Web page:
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John Cage

In 1952, David Tudor sat down in front of a piano for four minutes and thirty-three seconds and did nothing. The piece 4?33--written by John Cage, is possibly the most famous and important piece in twentieth century avant-garde. 4?33--was a distillation of years of working with found sound, noise, and alternative instruments. In one short piece, Cage broke from the history of classical composition and proposed that the primary act of musical performance was not making music, but listening.

Born in Los Angeles in 1912, Cage studied for a short time at Pamona College, and later at UCLA with classical composer Arthur Schoenberg. There he realized that the music he wanted to make was radically different from the music of his time. "I certainly had no feeling for harmony, and Schoenberg thought that that would make it impossible for me to write music." He said "You'll come to a wall you won't be able to get through." So I said, "I'll beat my head against that wall." But it wasn't long before Cage found that there were others equally interested in making art in ways that broke from the rigid forms of the past. Two of the most important of Cage's early collaborators were the dancer Merce Cunningham and the painter Robert Rauschenberg.

Together with Cunningham and Rauschenberg at Black Mountain College, Cage began to create sound for performances and to investigate the ways music composed through chance procedures could become something beautiful. Many of Cage's ideas about what music could be were inspired by Marcel Duchamp, who revolutionized twentieth-century art by presenting everyday, unadulterated objects in museum settings as finished works of art, which were called "found art," or ready-mades by later scholars. Like Duchamp, Cage found music around him and did not necessarily rely on expressing something from within.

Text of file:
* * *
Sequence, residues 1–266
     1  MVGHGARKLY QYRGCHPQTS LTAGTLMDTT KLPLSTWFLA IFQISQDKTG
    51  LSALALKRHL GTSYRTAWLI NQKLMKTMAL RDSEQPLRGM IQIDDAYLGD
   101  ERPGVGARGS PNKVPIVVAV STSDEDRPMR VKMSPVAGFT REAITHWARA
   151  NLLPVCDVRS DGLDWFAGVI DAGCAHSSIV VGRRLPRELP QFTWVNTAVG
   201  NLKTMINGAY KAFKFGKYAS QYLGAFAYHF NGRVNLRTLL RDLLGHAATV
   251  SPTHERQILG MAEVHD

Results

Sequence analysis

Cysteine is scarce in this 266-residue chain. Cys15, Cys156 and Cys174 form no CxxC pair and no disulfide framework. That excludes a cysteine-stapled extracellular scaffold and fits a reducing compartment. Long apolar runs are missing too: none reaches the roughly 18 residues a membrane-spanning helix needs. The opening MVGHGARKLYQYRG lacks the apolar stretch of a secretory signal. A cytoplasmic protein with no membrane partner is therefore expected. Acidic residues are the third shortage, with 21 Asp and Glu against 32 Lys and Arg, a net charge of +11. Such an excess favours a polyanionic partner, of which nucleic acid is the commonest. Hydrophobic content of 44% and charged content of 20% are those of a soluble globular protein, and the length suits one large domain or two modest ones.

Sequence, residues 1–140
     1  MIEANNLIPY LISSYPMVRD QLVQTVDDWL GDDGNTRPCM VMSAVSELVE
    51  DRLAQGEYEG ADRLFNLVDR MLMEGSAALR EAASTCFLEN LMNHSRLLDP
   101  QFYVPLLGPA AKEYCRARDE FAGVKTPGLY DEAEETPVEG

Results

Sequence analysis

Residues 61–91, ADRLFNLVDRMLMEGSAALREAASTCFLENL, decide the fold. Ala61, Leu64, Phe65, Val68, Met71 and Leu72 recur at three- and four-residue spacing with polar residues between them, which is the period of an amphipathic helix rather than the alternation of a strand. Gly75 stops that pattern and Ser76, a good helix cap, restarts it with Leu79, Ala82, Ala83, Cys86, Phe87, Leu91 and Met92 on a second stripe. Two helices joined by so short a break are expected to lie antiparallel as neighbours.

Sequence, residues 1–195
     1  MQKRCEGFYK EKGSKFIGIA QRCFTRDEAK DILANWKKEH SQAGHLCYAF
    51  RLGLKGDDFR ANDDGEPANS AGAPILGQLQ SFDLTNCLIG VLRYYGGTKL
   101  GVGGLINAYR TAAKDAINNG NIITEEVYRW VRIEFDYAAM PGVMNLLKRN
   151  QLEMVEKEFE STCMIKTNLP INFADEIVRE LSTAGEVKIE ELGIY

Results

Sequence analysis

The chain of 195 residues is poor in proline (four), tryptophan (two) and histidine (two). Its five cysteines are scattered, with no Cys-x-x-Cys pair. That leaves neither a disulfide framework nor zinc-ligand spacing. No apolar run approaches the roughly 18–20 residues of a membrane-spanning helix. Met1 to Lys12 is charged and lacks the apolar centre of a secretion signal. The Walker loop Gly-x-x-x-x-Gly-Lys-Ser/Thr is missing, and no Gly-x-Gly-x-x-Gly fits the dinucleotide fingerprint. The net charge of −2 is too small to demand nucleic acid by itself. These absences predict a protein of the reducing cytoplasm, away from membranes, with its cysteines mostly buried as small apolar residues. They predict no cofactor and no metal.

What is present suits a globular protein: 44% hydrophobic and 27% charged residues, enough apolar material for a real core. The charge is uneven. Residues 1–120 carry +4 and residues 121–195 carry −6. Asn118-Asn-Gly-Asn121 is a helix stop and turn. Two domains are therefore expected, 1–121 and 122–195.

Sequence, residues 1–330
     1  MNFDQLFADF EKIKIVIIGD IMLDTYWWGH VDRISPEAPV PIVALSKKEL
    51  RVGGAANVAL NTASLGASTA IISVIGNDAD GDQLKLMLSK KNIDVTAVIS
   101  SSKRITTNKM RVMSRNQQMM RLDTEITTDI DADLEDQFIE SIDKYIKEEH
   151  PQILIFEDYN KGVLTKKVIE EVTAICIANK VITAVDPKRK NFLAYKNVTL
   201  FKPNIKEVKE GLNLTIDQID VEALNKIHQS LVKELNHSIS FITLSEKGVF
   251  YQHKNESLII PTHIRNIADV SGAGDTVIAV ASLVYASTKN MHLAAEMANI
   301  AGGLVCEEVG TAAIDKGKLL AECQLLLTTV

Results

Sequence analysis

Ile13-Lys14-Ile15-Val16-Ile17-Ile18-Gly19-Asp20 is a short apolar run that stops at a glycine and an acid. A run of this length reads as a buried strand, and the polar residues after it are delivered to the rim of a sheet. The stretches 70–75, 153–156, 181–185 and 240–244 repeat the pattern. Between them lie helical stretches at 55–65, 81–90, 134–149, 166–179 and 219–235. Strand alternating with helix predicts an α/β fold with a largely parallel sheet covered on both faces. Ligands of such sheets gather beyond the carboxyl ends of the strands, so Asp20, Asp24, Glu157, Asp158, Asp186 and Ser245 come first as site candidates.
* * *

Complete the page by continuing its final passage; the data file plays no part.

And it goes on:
Cage's first experiments involved altering standard instruments, such as putting plates and screws between a piano's strings before playing it. As his alterations of traditional instruments became more drastic, he realized that what he needed were entirely new instruments. Pieces such as "Imaginary Landscape No 4" (1951) used twelve radios played at once and depended entirely on the chance broadcasts at the time of the performance for its actual sound. In "Water Music" (1952), he used shells and water to create another piece that was motivated by the desire to reproduce the operations that form the world of sound we find around us each day.

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Album Review

John Cage: Hymnkus, Thoreau Drawings, Two

Read "Hymnkus,   Thoreau Drawings,   Two" reviewed by John Eyles

Another Timbre recordings featuring music by John Cage are into double figures and those featuring Apartment House now number thirty-something, so there was a certain inevitability about this album on which Apartment House perform three Cage pieces. It does not seem long since the label's box set of Apartment House playing some of Cage's number pieces was issued to unanimous praise, but the current album, recorded in January and April 2022, is very different. Its three tracks, the titles of ...